Resisting Sherman

A Confederate Surgeon’s Journal and the Civil War in the Carolinas, 1865

Thomas Robertson

Despite its fascinating cast of characters, host of combats large and small, and its impact on the course of the Civil War, surprisingly little ink has been spilled on the conflict's final months in the Carolinas.
Publication date:
March 2015
Publisher :
Savas Beatie
Language:
English
Illustration :
39 images; 11 maps 11
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Hardback
ISBN : 9781611212600
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£16.99
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£10.50
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ISBN : 9781611212617
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Overview
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Despite its fascinating cast of characters, host of combats large and small, and its impact on the course of the Civil War, surprisingly little ink has been spilled on the conflict's final months in the Carolinas. Resisting Sherman: A Confederate Surgeon's Journal and the Civil War in the Carolinas, 1865, by Francis Marion Robertson (edited by Thomas H. Robertson, Jr.) fills in many of the gaps and adds tremendously to our knowledge of this region and those troubled final days of the Confederacy.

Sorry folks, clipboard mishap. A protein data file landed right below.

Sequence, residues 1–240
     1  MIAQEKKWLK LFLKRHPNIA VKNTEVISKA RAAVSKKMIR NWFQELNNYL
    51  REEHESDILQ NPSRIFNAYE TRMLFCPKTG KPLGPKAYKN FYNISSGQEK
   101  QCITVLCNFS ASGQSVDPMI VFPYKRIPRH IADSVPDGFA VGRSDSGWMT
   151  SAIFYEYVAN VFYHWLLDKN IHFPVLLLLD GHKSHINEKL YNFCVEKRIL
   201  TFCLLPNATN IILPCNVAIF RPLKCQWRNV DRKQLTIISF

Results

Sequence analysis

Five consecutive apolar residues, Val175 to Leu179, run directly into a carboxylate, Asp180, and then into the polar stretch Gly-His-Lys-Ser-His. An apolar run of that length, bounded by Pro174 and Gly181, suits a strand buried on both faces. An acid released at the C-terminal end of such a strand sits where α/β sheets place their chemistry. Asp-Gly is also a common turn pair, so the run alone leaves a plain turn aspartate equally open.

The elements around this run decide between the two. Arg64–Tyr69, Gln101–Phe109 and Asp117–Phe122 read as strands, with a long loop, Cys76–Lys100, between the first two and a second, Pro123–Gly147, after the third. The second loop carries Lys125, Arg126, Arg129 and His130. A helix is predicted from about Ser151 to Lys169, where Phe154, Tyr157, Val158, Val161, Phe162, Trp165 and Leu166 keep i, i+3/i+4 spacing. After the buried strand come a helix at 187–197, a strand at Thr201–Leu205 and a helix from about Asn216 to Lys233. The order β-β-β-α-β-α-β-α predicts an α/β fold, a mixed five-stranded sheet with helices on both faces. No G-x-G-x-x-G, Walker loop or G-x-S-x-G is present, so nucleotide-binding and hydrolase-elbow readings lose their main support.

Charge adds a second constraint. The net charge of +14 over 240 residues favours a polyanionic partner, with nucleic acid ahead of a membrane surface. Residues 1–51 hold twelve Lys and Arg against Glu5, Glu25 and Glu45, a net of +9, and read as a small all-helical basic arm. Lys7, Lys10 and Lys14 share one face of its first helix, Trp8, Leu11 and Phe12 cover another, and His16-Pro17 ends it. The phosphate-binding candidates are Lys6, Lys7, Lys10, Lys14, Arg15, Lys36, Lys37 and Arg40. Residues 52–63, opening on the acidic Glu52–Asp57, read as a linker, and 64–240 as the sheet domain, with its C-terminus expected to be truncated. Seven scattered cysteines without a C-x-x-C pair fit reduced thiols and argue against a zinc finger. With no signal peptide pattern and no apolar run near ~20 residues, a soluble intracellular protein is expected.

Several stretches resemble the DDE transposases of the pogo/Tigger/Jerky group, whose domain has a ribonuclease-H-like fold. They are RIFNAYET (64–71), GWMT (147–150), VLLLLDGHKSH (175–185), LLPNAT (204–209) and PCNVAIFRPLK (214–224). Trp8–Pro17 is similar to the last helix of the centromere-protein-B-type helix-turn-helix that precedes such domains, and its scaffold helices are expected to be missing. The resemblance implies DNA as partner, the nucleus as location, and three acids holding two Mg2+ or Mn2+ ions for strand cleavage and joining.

Surgeon Francis Robertson fled Charleston with the Confederate garrison in 1865 in an effort to stay ahead of General Sherman's Federal army as it marched north from Savannah. The Southern high command was attempting to reinforce General Joseph E. Johnston's force in North Carolina for a last-ditch effort to defeat Sherman and perhaps join with General Lee in Virginia, or at least gain better terms for surrender. Dr. Robertson, a West Pointer, physician, professor, politician, patrician, and Presbyterian with five sons in the Confederate army, kept a daily journal for the final three months of the Civil War while traveling more than 900 miles through four states. His account looks critically at the decisions of generals from a middle ranking officer's viewpoint, describes army movements from a ground level perspective, and places the military campaign within the everyday events of average citizens suffering under the boot of war.

Editor and descendant Thomas Robertson followed in his ancestor's footsteps, conducting exhaustive research to identify the people, route, and places mentioned in the journal. Sidebars on a wide variety of related issues include coverage of politics and the Battle of Averasboro, where one of the surgeon's sons was shot. An extensive introduction covers the military situation in and around Charleston that led to the evacuation described so vividly by Surgeon Robertson, and an epilogue summarizes what happened to the diary characters after the war.